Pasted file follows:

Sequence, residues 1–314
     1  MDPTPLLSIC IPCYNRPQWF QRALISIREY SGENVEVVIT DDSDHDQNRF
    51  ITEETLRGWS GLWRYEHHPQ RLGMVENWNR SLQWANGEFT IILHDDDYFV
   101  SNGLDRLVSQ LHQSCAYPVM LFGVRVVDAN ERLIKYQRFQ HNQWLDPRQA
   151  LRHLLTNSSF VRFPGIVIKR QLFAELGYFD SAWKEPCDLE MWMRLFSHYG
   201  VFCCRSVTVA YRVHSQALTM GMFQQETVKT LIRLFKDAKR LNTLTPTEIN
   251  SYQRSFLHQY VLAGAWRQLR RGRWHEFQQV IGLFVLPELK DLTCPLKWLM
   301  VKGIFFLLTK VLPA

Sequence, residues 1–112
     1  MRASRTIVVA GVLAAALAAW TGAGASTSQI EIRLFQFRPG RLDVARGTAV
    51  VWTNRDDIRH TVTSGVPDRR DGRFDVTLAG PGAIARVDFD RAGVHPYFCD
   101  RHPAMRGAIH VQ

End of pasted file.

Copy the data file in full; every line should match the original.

Sequence, residues 1–314
     1  MDPTPLLSIC IPCYNRPQWF QRALISIREY SGENVEVVIT DDSDHDQNRF
    51  ITEETLRGWS GLWRYEHHPQ RLGMVENWNR SLQWANGEFT IILHDDDYFV
   101  SNGLDRLVSQ LHQSCAYPVM LFGVRVVDAN ERLIKYQRFQ HNQWLDPRQA
   151  LRHLLTNSSF VRFPGIVIKR QLFAELGYFD SAWKEPCDLE MWMRLFSHYG
   201  VFCCRSVTVA YRVHSQALTM GMFQQETVKT LIRLFKDAKR LNTLTPTEIN
   251  SYQRSFLHQY VLAGAWRQLR RGRWHEFQQV IGLFVLPELK DLTCPLKWLM
   301  VKGIFFLLTK VLPA

Sequence, residues 1–112
     1  MRASRTIVVA GVLAAALAAW TGAGASTSQI EIRLFQFRPG RLDVARGTAV
    51  VWTNRDDIRH TVTSGVPDRR DGRFDVTLAG PGAIARVDFD RAGVHPYFCD
   101  RHPAMRGAIH VQ